Assessment of associations between individual foods and/or nutrients vis-à-vis risk for disease has both advantages and disadvantages. On one hand the putative dietary elements that are protective or riskconferring can be tracked out; however, assessing dietary patterns is likely to be more beneficial with regards to prevention and clinical intervention. This is because individuals tend to eat foods in combination and interactions between these foods are likely to underlie disease etiopathogenesis. Thus, in a follow-up to the above study in an enhanced cohort of subjects we first examined the characteristic dietary patterns prevalent in Canadian children and secondly, we evaluated whether any particular pattern was associated with the development of CD(5). We observed that by and large, two dietary patterns were common between boys and girls: a traditional western pattern, characterized by meat, fried foods, fast foods, snacks and desserts, and a prudent pattern characterized by vegetables, fruits, dairy products, eggs, olive oil, dark breads, grains, fish and nuts. In both boys and girls, the prudent pattern was associated with significant reductions in risk for CD, whereas, the western pattern was associated with significantly elevated risks for CD, particularly in girls. We further analyzed whether the protection offered by the prudent pattern was related to consumption of vegetables and fruits using multivariate regression modeling. We observed that in girls much of the protective effects of a prudent pattern were related to vegetable consumption, but not fruits. However in boys, neither vegetables or fruits contributed to the protective effects associated with this pattern. These findings are extremely interesting and highlight the complex relationship between dietary consumption and CD pathogenesis.
Findings from our two studies seem to suggest that both vegetables and fruits individually or a prudent pattern heavily comprised of vegetables may provide protection from chronic diseases such as CD. We have speculated on the mechanisms whereby vegetables can provide this protection(6). Constituents of vegetables are known to modify the levels and activities of detoxifying enzymes. Therefore, higher consumption may enhance and facilitate the clearance of toxic metabolites (viz. reactive oxygen species) that are routinely generated in body tissues including the gut. The latter can prevent recurrent gut injury and modify inflammatory processes that are characteristic of CD. Additional studies, preferably with prospectively ascertained dietary information, are required to shed further light on the associations between vegetables and fruits in CD etiopathogenesis.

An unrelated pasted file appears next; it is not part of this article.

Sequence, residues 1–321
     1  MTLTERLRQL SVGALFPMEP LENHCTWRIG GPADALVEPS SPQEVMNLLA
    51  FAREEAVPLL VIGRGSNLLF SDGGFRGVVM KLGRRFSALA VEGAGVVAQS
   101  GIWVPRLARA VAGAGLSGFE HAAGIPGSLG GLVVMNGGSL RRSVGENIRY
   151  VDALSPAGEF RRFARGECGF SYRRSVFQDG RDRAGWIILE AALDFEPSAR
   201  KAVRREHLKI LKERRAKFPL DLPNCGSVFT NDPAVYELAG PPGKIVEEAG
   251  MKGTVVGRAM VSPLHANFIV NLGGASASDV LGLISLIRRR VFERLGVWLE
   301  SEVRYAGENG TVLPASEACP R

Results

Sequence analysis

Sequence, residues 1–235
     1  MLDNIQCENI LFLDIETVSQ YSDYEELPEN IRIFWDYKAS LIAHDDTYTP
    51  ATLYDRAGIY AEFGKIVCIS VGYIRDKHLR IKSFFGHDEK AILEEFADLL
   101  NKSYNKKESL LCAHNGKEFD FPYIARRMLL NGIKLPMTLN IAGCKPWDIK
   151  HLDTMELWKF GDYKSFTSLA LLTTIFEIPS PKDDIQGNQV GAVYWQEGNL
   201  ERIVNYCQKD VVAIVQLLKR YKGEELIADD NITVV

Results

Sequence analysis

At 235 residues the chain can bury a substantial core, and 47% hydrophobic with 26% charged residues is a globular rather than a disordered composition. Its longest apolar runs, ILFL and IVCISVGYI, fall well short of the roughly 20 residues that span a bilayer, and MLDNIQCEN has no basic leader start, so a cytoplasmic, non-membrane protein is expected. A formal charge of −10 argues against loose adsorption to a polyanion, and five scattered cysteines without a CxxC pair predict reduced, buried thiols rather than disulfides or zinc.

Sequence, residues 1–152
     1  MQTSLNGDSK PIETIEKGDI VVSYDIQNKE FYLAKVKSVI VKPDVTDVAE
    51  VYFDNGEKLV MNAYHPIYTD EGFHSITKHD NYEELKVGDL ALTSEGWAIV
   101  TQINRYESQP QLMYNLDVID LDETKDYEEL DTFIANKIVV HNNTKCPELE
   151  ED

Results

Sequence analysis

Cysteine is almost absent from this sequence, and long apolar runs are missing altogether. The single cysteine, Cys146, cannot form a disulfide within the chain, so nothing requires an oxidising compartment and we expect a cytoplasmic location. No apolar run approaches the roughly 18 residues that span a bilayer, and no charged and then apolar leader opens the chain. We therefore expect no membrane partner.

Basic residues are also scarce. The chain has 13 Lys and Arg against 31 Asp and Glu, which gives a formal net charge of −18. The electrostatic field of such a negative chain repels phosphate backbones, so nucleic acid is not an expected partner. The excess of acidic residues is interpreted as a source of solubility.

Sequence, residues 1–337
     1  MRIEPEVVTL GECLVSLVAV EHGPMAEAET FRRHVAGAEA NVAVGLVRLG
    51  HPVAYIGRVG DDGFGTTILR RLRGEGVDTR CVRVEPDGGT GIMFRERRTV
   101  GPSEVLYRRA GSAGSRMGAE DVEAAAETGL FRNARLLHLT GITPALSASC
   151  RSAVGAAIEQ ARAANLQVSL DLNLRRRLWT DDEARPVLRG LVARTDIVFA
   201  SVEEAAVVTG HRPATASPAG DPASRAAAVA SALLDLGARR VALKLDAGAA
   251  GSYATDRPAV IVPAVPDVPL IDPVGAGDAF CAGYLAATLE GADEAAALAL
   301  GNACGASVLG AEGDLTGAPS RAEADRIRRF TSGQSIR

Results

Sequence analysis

- Bernstein CN, Wajda A, Svenson LW et al. The epidemiology of inflammatory bowel disease in Canada: a population-based study. Am J Gastroenterol. 2006;101(7):1559-68.
- Starkey LJ, Johnson-Down L, Gray-Donald K. Food habits of Canadians: comparison of intakes in adults and adolescents to Canada’s food guide to healthy eating. Can J Diet Pract Res. 2001;62(2):61-69.
- Veugelers PJ, Fitzgerald AL, Johnston E. Dietary Intake and Risk Factors for Poor Diet Quality among Children in Nova Scotia. Can J Pub Health. 2005;96:212-216.
- Amre DK, D’Souza S, Mack D et al. Imbalances in dietary consumption of fatty acids, vegetables and fruits are associated with risk for Crohn’s disease in children. Am J Gastroenterol. 2007;102(9):2016-2025.
- D’Souza S, Levy E, Mack D et al. Dietary patterns and risk for Crohn’s disease in children. Inflamm Bowel Dis 2007 (Epub ahead of print).
- Amre DK, Seidman EG. Etiopathogenesis of pediatric Crohn’s disease. Biologic pathways based on interactions between genetic and environmental factors. Med Hypotheses 2003; 60(3):344–350.